As South Africa goes into lockdown from tomorrow (March 21 to April 16), observations in South Africa’s townships and informal settlements reveal that lockdown may not be the perfect solution to curb the spread of Covid-19.
Michael Adekunle Charles, Head of Country Cluster for Southern Africa International Federation of the Red Cross and Red Crescent Societies said in a radio interview in South Africa yesterday that people in the townships are not observing the social distance rule.
He was speaking as part of the organisations on ground to curb the spread of coronavirus in Bloemfontein, Free State in South Africa.
Though Charles did not link the non-adherence of social distancing to spread of the coronavirus but observations reveal that when people are locked down, they are much more likely to congregate and fraternise closely.
At Diepsloot, an informal settlement in northern Johannesburg where about 300,000 people cluster without breathing space, social distancing is a taboo.
Normally, social distancing is almost impracticable in places like this because of the close proximities of shanty houses, coupled with the fact that about six people live in a space for a standard room.
Other than that, the shanty houses are erected closely to one another.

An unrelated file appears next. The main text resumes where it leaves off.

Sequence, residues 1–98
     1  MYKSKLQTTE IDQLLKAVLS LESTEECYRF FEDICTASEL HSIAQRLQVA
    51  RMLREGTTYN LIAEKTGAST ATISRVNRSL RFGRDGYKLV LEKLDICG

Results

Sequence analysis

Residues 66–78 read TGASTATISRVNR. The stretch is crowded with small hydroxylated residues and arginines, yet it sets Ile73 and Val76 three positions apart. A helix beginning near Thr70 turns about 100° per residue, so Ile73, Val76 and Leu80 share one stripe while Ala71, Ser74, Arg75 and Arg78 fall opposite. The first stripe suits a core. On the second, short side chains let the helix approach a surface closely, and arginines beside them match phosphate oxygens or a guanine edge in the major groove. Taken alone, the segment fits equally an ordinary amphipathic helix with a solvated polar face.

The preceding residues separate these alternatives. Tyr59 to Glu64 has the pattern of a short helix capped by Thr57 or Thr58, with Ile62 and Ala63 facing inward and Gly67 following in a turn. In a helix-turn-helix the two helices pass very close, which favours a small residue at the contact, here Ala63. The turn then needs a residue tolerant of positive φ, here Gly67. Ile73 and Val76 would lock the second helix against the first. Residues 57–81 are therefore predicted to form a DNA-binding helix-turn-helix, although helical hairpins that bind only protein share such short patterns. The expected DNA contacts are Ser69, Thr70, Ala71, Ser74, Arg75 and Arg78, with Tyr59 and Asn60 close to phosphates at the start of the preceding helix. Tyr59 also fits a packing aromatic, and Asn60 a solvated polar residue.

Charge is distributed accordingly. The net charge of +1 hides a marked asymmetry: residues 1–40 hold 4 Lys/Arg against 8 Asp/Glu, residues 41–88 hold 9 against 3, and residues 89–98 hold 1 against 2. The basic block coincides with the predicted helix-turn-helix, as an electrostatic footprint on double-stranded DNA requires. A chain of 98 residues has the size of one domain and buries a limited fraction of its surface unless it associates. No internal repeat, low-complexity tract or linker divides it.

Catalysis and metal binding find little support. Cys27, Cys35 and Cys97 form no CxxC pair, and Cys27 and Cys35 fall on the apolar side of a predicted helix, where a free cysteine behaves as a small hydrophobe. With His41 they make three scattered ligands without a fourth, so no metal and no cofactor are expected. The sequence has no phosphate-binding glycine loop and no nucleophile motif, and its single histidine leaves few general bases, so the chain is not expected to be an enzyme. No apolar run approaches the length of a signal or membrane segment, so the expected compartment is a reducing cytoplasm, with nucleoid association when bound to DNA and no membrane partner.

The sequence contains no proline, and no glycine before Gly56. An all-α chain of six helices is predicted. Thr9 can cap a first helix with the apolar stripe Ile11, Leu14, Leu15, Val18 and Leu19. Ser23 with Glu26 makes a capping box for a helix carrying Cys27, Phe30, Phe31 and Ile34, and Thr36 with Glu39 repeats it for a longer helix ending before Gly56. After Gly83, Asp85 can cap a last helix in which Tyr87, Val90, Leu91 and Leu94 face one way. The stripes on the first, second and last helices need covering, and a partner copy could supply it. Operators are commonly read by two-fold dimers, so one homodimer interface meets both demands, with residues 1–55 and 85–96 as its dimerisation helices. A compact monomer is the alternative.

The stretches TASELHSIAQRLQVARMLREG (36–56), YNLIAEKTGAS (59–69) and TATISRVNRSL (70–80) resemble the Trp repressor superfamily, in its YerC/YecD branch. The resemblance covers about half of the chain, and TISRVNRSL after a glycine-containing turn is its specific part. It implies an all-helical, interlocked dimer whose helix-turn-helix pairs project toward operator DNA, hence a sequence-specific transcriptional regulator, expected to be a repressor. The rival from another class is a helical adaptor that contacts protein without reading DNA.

Simon Baloyi, a Diepsloot resident says: “People can’t just sit for 21 days doing nothing. Those who have money will drink. We will play music and jolly (revel)”.
Similar trend is likely to play out in township as many people say they will be bored to death to be inactive and not able to move freely for 21 days.
However, the story may be different in South African suburbs where people live in town houses, apartments and stand alone houses, having enough spaces to play with.
Moreso, campaigns for precautions are taken more seriously in the urban areas than in informal settlements and townships as the latter have lesser informed people.
Similar fate may befall Nigeria if the nation goes into a lockdown. Lagos, for example has a population of approximately 20 million people who live on a land
of about 1,171.28 km sq (452.23 square miles), out of which about more a quarter is water (lagoon and creeks).
Observing social distancing in Lagos is like an ant attempting to pull down an aeroplane.
As the lockdown begins tomorrow in South Africa by midnight, all authorities must be vigilant of the prevailing dynamics therein and adjust rules and instructions accordingly.